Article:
Juke Joint Jumpin’ is a recurring feature in which we loosely go through some of what has been in our listening rotations lately, with the primary purposes being to discuss various eras in country music history, offer recommendations, and to talk anecdotally about why these songs connect with us.
Hey, y’all, Andy here. Thrilled to be joining Zack here at TMD. You may remember me from our days at Country Music Minds back in 2016-2017. You may also know me from places like Twitter and Pulse Music Board over the years as the guy with the fox for his avatar. With that out of the way, let’s get at it!
(Editor’s note from Zack: I’m thrilled to be writing with Andy again and hope y’all enjoy his contributions to TMD. Juke Joint Jumpin’ was inspired by his own Classic Cuts from the aforementioned Country Music Minds, so it’s a perfect full-circle moment!)
John Prine – We Are The Lonely (written by Gary Nicholson & John Prine)
One thing I’ve always been bad at is being a completist and listening to all of an artist’s output, even for my very favorites. I thought I had listened to all of John Prine’s work, but I somehow overlooked 1995’s Lost Dogs + Mixed Blessings until recently. I instantly fell in love with this album and regard it as one his very finest. While there are almost certainly “better” songs in the collection like the exquisite “Lake Marie”, I confess it is the irreverent, zany humor of tracks like “Quit Hollerin’ at Me” and “We Are The Lonely” that really tickle my pickle. “We Are The Lonely” is one of Prine’s heaviest, rock-leaning tracks, and the lyrics detail a bunch of strange, flawed people who are all lonely in their own way. A line like “worthless ruthless toothless man, wants wealthy woman with a plan” is something that could only ever be found in a John Prine song, and his sardonic delivery is pitch perfect.
Larry Jon Wilson – Ohoopee River Bottomland (written by Larry Jon Wilson)
I saw the excellent Heartworn Highways documentary a few years ago, and one of the few artists featured in it I did not recognize was Larry Jon Wilson, a cult figure in country music history if there ever was one. He released four well-regarded albums in the 1970s, quietly retired from the music industry, only to return and release one last album in 2008 two years before his death. This opening title track from his debut album puts me in a great mood instantly. With Wilson’s low, smooth, growling vocals and a groovy country-soul-funk sound, “Ohoopee River Bottomland” is an infectiously good time.
Suzy Bogguss – Picadilly Circus (written by Paul Kramer)
2003’s Swing is not exactly the most essential entry in Suzy Bogguss’s discography, but it’s an album I always turn to when in I’m the mood for a light, breezy affair. Bogguss departs from her usual country-folk style and releases a set of pop-jazz swing tunes, of which “Picadilly Circus” is my favorite. I just love the imagery of strolling around London during a romantic rainy night, visiting the circus, falling in love and having a night you’ll remember for the rest of your life. Musically, probably not a song for all country fans, but one I happen to like.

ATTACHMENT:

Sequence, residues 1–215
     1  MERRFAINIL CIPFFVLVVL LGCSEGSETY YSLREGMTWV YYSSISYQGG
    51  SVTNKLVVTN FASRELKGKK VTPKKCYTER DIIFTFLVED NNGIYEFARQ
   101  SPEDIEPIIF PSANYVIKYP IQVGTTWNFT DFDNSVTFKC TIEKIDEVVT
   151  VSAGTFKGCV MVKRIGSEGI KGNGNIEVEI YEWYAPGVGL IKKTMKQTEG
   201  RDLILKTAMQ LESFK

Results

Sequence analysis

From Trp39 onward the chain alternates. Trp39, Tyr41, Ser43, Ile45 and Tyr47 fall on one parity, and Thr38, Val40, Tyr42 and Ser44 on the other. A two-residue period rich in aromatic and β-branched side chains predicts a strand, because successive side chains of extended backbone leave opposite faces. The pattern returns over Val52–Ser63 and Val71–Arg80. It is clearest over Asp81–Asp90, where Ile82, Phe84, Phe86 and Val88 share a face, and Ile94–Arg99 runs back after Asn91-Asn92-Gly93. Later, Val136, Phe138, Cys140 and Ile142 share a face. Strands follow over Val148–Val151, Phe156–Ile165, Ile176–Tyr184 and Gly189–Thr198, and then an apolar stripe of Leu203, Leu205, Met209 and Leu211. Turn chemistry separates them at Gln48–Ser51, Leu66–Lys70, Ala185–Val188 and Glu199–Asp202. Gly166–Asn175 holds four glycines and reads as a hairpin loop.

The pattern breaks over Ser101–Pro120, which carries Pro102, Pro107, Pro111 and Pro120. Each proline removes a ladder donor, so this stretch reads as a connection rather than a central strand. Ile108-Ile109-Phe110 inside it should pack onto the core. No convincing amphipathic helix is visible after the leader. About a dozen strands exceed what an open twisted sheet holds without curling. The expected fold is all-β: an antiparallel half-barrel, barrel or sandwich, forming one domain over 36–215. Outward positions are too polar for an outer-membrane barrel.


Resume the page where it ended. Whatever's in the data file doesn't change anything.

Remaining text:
Bradley Walker – Love’s Tombstone (written by Carl Jackson & Jenny Yates)
I’ve seen people rave about Walker’s 2006 debut album Highway of Dreams every now and then over the years, and I just checked it out for the first time recently. So many modern traditional releases leave me with a “been there, heard it done better before” feeling, but I have to say the material here is decidedly superior to most. “Love’s Tombstone” is a fantastically written and performed stone cold country heartbreak ballad about drinking away and eulogizing a love that has died. It’s in the vein of classics like “Don’t Our Love Look Natural” and “The King is Gone (And So Are You)”.
Mandy Barnett – Now That’s All Right With Me (written by Kostas & Tony Perez)
As I write this, Mandy Barnett has just been invited to be the newest member of the Grand Ol’ Opry. Possessing a fantastic voice reminiscent of Reba McEntire and Patsy Cline, she never received the radio success her talent warranted, but her albums are widely considered to be hidden gems by those knowledgeable of ’90s country. Her debut album, released when she was all of twenty, draws material from top-shelf writers like Jim Lauderdale, Jamie O’Hara, and Willie Nelson. I particularly enjoy this uptempo pop-country number penned by Kostas & Tony Perez. An exalting expression of love with an earworm chorus, it’s a mystery to me how this wasn’t a big hit. It was also recorded by Chris LeDoux and Ronna Reeves.